Aberdeenshire Council has outlined its plans for children returning to nursery next month.
From August, youngsters attending private childcare settings will have 900 hours of funded care, rising to the Scottish Government’s target of 1,140 in January.
Those who attend the council’s own nurseries will be have the statutory 600 hours, rising to 900 “where practicable, as soon as possible” between September and January.
Ministers at Holyrood have now delayed making 1,140 hours of funded care statutory by a year as a result of the Covid-19 pandemic.
Aberdeenshire Council’s education and children’s services committee chair, Cllr Gillian Owen, said: “I hope this announcement gives parents and carers of young children reassurance and clarity.
“There has been a lot of changes in a very short space of time, but I would like to reassure everyone that the council remains absolutely committed to delivering the required 1,140 hours of early learning and childcare for any eligible child in Aberdeenshire, albeit to a revised timescale.
“We are still in a crisis situation so our plans may change at short notice in line with Scottish Government advice. Please be assured we will update any amendments to our plans as soon as possible.”
Councillor Rosemary Bruce, committee vice-chair, added: “I would like to thank parents, carers and funded providers for their patience during these uncertain times and to thank all colleagues within the service who have worked tirelessly to agree this arrangement in very challenging circumstances.”
Aberdeen City Council said it was working to keep parents updated with the latest information.
Educational operational delivery convener John Wheeler said: “I appreciate that this has been a period of uncertainty for all parents and carers and I’d like to thank them for their patience and understanding.
“I would like to praise the hard work our central education team and individual schools over the last few months which means we are well placed to respond effectively to any of the scenarios for the new school term.”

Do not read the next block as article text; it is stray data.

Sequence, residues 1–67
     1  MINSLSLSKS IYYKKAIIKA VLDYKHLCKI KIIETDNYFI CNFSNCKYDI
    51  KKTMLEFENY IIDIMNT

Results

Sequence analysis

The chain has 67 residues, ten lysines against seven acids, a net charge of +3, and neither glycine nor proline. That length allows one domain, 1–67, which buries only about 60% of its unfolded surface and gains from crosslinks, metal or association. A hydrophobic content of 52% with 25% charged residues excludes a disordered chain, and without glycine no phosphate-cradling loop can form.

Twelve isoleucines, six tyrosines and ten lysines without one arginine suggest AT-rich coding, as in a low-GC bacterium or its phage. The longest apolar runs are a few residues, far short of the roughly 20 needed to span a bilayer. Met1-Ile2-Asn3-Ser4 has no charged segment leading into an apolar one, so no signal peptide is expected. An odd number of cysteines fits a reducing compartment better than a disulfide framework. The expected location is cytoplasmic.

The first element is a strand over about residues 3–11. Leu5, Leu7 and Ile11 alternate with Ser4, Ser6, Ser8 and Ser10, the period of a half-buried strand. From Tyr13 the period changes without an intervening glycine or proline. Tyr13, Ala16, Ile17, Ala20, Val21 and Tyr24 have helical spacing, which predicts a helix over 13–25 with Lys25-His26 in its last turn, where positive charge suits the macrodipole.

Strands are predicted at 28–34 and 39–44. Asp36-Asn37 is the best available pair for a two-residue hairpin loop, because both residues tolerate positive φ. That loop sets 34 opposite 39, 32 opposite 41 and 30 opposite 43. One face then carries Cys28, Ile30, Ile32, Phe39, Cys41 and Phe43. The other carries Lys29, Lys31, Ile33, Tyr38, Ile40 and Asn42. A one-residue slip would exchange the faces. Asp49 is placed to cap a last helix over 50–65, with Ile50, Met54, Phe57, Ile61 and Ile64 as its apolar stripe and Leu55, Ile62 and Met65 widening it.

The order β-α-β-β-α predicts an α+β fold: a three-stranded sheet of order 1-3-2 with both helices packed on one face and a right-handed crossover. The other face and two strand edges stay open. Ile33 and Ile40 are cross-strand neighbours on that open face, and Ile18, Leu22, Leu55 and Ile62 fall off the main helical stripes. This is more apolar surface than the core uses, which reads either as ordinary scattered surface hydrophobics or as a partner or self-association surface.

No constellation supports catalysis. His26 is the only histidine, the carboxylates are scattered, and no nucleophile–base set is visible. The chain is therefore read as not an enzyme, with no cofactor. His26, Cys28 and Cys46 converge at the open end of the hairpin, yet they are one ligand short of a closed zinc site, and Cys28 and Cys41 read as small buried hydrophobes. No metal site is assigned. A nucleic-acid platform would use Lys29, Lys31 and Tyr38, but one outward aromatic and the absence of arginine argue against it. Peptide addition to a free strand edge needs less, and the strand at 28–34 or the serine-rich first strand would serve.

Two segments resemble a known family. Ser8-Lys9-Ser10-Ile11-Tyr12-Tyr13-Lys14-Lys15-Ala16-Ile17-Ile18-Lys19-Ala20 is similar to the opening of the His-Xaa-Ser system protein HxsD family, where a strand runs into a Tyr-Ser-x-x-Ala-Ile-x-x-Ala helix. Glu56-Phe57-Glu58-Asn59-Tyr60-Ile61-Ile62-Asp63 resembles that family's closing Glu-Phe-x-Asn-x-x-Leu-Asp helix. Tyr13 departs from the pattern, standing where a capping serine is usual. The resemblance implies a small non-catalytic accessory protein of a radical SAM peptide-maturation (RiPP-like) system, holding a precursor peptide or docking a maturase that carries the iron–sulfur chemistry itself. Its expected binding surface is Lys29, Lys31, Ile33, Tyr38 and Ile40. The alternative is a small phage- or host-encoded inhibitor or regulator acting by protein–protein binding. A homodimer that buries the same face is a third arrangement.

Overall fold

In a letter to councils, children’s minister Maree Todd has now said the policy – which would also benefit some two-year-olds – will not be introduced in the 2020-21 school year.
She told local authority directors of education that a revised date for implementing the policy will be jointly agreed by the government and councils “taking full consideration of the factors impacting on delivery, including the disruption to capital programmes”.
The minister said: “Recognising the significant impact of the coronavirus and recovery, it will not be feasible to reinstate a universal 1,140 duty in the academic year 20/21, or while the coronavirus public health measures, which significantly impact on ELC (early learning and childcare) capacity, remain in place, if that is longer. “
She said councils will be given at least six months notice of the new start date.
The letter, from Ms Todd and children and young people’s spokesman at Cosla Stephen McCabe, said an “initial assessment of readiness” is to be carried out in December 2020.
This will consider the “progress in recovery” from the pandemic, as well as the operational and financial implications of making the change.
First Minister Nicola Sturgeon had announced the “transformational” plans to virtually double free early years care from 600 hours a year back in October 2017.
Ms Todd and Mr McCabe both stress in the letter they “remain absolutely committed to the benefits of the expansion, and the return to 1,140 as soon as it is reasonable to do so”.
But from August 11, the amount of free childcare families are entitled to will remain at 600 hours, with the legal obligation on councils to provide the extra hours having already been suspended because of coronavirus.
An Audit Scotland report at the start of the March found councils had made “steady progress” towards achieving the increased hours, but stressed then that extensive recruitment and building works was still required.